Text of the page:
Devolution and the promise of democracy and inclusion: An evaluation of the first decade of county Introduction governments, 2013-2022
Ambani, J Osogo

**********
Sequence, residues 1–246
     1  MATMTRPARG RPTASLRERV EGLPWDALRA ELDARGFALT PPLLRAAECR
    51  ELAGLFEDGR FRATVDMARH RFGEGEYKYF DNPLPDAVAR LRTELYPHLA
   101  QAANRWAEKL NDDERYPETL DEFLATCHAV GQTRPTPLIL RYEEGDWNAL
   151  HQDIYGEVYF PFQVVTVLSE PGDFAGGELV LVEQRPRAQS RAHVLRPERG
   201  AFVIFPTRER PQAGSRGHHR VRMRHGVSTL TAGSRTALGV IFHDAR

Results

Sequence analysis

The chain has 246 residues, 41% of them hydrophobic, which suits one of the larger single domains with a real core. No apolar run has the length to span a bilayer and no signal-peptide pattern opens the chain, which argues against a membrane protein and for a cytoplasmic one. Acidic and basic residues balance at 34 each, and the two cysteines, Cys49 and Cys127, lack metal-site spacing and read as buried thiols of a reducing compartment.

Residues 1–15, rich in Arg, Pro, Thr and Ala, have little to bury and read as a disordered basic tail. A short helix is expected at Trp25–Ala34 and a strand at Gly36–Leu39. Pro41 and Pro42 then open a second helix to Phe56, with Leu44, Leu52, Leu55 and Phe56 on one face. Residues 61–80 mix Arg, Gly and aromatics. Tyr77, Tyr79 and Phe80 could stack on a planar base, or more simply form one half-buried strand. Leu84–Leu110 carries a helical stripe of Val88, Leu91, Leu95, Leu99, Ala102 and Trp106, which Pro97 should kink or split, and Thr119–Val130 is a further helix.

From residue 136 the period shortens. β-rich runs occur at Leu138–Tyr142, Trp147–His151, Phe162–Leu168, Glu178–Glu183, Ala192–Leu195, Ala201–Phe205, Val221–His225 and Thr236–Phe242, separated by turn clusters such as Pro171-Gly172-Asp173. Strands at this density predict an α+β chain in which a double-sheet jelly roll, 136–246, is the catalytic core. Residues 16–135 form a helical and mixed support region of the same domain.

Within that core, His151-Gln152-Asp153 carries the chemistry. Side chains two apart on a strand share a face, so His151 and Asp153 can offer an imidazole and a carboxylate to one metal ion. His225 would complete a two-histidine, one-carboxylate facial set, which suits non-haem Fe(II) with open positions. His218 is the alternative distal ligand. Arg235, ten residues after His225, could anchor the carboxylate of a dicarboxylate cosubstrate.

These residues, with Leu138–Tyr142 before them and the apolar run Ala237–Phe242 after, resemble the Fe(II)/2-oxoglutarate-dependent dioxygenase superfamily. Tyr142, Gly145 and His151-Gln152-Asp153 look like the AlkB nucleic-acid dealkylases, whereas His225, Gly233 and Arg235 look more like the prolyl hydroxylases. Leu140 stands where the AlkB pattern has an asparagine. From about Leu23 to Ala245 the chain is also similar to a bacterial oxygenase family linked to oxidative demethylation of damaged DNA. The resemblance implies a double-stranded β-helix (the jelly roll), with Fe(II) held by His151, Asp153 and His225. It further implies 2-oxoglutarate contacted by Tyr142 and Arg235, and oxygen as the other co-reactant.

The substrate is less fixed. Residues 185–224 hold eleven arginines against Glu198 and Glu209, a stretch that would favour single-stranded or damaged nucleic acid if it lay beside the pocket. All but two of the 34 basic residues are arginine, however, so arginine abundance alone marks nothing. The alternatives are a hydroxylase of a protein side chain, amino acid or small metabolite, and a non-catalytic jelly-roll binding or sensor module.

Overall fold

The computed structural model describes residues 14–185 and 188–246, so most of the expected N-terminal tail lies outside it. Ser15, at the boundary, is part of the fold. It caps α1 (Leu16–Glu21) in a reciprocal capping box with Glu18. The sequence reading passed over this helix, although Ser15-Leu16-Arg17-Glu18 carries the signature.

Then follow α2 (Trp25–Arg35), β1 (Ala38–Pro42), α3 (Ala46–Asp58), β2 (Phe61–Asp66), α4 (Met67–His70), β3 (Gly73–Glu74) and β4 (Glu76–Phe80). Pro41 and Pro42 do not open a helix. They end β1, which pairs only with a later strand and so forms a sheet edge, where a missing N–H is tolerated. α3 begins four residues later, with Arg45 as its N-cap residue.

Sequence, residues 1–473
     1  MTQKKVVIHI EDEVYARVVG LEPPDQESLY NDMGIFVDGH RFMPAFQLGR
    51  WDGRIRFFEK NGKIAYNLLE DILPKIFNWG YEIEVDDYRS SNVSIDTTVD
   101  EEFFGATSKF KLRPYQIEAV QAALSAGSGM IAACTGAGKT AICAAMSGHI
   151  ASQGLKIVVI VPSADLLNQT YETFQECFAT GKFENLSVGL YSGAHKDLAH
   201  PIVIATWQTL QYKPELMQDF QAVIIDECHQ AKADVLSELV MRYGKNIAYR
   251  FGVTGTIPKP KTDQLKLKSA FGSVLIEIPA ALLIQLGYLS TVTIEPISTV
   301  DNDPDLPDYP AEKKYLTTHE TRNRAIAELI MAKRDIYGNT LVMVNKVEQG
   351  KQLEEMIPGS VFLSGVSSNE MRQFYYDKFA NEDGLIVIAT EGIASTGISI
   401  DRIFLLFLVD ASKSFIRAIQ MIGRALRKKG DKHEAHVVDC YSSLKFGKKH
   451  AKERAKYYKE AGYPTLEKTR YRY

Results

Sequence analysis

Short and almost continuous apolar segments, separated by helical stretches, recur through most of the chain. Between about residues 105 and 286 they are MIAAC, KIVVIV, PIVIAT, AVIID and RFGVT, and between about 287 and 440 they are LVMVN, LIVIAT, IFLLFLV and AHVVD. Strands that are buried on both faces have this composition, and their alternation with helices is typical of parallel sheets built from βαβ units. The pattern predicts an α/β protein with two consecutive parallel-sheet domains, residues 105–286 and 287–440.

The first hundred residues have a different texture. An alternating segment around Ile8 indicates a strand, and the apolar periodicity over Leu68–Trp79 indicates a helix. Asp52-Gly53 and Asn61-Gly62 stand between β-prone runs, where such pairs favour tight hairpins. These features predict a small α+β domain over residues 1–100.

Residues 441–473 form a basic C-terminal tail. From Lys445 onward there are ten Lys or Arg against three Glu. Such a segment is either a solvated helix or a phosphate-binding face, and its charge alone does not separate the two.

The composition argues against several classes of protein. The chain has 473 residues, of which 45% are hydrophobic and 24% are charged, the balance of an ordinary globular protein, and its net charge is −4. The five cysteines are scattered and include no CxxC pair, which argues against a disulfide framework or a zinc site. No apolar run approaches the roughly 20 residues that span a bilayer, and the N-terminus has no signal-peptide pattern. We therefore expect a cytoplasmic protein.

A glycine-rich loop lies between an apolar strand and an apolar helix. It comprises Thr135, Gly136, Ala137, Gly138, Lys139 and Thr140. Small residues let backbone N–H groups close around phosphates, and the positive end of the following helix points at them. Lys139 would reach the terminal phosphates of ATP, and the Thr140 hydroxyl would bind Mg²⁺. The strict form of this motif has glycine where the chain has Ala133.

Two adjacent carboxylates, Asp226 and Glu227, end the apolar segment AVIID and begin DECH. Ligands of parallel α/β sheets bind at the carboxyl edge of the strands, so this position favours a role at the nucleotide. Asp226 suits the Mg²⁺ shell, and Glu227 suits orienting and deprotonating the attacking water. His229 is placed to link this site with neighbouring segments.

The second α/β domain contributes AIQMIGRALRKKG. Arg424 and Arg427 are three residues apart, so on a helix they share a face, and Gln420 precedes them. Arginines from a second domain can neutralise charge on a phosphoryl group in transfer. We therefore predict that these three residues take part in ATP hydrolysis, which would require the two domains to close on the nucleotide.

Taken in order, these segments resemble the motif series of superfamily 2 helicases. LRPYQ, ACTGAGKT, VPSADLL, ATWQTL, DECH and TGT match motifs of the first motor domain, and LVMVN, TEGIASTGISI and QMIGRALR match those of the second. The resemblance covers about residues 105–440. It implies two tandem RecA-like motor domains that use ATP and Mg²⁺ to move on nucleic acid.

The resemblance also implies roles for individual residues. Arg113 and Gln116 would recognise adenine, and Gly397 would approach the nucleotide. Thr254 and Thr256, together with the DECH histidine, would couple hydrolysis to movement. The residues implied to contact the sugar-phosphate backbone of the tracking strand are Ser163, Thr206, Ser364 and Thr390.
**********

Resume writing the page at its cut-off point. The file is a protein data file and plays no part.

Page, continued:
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Two variables preoccupy this entire study – decentralisation and inclusion. We hypothesise that there is a positive relationship between decentralisation and the inclusion of various groups; that the more we decentralise the more we attain inclusion. That the converse is also true: the more we centralise the more we marginalise. The conceptual basis for the historical relationship between decentralisation and inclusion in Kenya was addressed in Chapter 2 of this study. Chapter 3 discussed the first variable (decentralisation) in historical perspective, while Chapter 4 reviewed the second variable (inclusion) also historically. All the chapters above cover the trajectory of the respective variables from pre-colonial times to the first decade of devolution under the Constitution of Kenya, 2010 (2010 Constitution). What emerges clearly from the expositions are the struggles for decentralisation and inclusion by those on the outside, and efforts to congest more powers at the centre and to exclude the others by those on the inside. However, the clamour for decentralisation and inclusion won a major battlefront when the 2010 Constitution, which entrenched devolution as one of the overarching principles, was promulgated.